Maura: Sure. So we talked about earlier how if you have 2 SMC L levels, they combine to an O. So one of the first starting points for R is that you are entitled to SMC O. So you can achieve that by, as we said earlier, the 2 Ls. So showing that you have the disabilities that would meet those requirements. So the first thing you need is entitlement to SMC O and then in addition you need entitlement to aid and attendance. We’ve talked about aid and attendance. I don’t know that we’ve really gone into a whole lot of detail about what it is. But the need for aid and attendance is when a veteran’s disabilities, service-connected disabilities require somebody to physically help them with the activities of daily living. So they need help bathing, dressing themselves, preparing meals, feeding themselves, things like that. So if it’s the case that the veteran has those needs, they might be entitled to the aid and attendance benefits. But more importantly, they meet the aid and attendance requirement whenever it’s a requirement for SMC such as the R rate. There’s also R-2. So what I just described was R-1. So now there’s the second level of R which is R-2. And the primary difference between the two is that SMC R-2 requires you to need the care of a licensed medical professional. So it’s not just a person that can help a veteran get out of bed, take a shower, eat a meal, things like that. It needs to be care that can only be administered by a medical professional.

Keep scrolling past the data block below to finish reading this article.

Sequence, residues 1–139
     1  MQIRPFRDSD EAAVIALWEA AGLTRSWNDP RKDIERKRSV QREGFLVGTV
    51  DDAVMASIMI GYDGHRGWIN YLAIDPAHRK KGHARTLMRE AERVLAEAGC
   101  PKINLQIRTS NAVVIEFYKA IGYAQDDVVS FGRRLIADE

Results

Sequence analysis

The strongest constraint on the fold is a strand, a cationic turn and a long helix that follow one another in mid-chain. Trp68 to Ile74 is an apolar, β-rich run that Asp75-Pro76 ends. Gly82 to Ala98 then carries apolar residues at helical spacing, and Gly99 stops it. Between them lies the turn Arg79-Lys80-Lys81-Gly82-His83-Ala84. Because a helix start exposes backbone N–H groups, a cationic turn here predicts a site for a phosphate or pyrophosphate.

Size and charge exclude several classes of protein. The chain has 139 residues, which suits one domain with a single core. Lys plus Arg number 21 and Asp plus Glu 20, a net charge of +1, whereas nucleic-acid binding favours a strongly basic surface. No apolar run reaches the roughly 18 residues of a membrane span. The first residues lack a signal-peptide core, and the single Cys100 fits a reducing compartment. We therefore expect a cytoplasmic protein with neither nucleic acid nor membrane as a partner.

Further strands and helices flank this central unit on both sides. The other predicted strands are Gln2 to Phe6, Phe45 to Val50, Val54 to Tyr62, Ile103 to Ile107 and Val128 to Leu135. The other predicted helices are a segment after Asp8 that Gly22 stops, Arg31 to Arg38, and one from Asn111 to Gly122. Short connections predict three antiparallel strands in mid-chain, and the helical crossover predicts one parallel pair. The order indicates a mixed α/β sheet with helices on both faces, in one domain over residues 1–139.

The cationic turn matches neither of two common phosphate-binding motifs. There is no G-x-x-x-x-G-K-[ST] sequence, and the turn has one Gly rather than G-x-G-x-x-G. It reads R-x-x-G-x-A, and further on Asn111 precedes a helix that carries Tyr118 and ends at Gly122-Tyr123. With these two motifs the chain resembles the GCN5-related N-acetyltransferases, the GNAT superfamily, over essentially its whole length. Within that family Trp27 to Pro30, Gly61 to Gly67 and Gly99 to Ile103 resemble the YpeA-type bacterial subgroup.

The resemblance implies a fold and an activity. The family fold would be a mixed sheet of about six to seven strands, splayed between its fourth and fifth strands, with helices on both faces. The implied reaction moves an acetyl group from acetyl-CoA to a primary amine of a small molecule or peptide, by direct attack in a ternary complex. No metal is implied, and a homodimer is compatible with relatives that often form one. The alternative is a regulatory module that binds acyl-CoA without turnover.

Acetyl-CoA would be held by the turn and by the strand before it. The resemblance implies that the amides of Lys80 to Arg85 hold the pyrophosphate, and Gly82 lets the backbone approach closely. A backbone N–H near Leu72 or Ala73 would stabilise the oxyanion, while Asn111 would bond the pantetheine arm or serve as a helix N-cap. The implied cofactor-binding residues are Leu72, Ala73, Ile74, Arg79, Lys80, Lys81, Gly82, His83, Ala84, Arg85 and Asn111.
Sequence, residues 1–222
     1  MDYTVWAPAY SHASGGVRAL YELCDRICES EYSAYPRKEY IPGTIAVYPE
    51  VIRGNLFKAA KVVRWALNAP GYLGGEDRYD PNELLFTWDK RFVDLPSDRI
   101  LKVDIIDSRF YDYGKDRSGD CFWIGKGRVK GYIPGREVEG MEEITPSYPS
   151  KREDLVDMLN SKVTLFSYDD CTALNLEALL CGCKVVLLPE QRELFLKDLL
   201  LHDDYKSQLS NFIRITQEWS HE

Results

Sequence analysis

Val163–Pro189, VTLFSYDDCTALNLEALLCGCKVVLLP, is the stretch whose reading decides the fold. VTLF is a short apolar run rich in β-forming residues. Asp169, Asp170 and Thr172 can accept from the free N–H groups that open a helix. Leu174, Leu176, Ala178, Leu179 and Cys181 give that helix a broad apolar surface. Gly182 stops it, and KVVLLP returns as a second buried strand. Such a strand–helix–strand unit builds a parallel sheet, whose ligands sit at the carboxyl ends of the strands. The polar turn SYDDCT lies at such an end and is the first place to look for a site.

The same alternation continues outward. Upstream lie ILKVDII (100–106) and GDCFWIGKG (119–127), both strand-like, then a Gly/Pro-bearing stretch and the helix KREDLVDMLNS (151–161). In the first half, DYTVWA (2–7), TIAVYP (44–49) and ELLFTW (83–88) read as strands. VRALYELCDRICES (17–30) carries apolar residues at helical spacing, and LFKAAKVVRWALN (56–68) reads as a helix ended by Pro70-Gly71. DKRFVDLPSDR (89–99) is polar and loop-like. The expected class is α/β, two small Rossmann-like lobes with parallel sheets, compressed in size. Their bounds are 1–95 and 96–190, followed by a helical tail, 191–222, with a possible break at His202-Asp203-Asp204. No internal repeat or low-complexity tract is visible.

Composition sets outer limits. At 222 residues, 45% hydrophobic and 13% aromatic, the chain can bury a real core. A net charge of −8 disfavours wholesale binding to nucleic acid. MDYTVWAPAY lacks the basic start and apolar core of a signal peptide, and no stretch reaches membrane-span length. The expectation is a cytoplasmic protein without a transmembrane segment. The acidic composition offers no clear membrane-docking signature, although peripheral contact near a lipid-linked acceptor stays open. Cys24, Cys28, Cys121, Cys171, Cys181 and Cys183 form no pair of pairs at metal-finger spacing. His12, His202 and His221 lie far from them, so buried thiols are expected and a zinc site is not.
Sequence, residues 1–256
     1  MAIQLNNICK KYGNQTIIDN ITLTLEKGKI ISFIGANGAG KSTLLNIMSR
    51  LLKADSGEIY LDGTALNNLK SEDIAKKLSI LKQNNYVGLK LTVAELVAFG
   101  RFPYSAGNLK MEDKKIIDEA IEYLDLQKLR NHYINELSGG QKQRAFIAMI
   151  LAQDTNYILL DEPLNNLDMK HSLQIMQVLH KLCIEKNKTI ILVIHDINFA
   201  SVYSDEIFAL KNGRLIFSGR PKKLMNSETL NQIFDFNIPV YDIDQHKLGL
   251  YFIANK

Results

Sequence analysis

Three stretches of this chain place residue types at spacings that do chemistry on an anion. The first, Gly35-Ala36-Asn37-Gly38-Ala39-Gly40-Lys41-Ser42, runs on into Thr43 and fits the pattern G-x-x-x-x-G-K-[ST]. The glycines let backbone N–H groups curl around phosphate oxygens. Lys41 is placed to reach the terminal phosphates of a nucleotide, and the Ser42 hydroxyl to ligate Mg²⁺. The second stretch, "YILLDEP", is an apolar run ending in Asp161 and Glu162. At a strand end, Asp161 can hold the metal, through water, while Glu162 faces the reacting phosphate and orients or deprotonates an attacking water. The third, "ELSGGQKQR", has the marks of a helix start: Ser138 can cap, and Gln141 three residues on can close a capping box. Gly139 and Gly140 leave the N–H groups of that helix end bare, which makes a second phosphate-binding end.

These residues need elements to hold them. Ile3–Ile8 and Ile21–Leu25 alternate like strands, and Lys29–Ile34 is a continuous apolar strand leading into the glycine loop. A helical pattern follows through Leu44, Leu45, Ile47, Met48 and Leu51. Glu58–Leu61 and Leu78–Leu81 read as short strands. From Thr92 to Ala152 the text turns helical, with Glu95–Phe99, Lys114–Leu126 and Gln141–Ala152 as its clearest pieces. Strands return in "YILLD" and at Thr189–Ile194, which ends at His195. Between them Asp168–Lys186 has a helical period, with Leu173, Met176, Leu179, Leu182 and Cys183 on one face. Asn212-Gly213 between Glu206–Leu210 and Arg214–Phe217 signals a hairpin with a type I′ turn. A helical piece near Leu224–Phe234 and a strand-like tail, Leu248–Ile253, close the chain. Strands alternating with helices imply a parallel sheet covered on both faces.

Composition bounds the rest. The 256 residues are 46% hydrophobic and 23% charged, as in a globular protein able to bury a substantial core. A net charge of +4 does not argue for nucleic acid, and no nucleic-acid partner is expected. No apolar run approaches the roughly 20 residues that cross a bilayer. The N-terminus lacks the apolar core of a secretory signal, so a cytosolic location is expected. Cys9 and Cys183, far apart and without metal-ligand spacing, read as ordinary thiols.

Jonathan: And as Christian spoke about earlier, the monetary difference is about $1,000. You get about $8,500 a month for R-2, $7,500 for R-1. We’re talking about for a single veteran. So there’s a significant difference between the R-1 and the R-2. So obviously, for the viewers, we kind of take you through this algebraic formula. 2 Ls or 2 of the L through N rate added together gets you to O, plus aid and attendance gets you to R-1, plus a higher level of aid and attendance gets you to R-2. Where does bedridden come in?
Maura: I think bedridden is one of the considerations when assigning R-2. So this would sort of go into the different standard of care that’s required for the veteran. It’s not simply aid and attendance where the veteran is able to do some degree of performing their activities of daily living. But they just need some assistance from a non-medical professional. What VA means by bedridden is that the person is literally confined to bed. It’s not that they go through periods where they’re bedridden. It’s not that they’re prescribed bed rest only under some circumstances. It’s that they’re actually bedridden and unable to leave the bed at all times.
Jonathan: So the—we had talked about aid and attendance and what that means and then the higher level of aid and attendance. Is it possible for veterans to get compensation for these caregivers?
Maura: So the aid and attendance benefits that we’re talking about today, these are benefits that go to the veteran. SMC benefits are for the veteran and aid and attendance is one section of that type of consideration for that benefit. There are programs that will pay an allowance or some type of compensation to caregivers. Those are typically confined to post 9/11 veterans with very severe disabilities that stem from service. But for the purposes of our conversation today, these are benefits that go to the veteran themselves.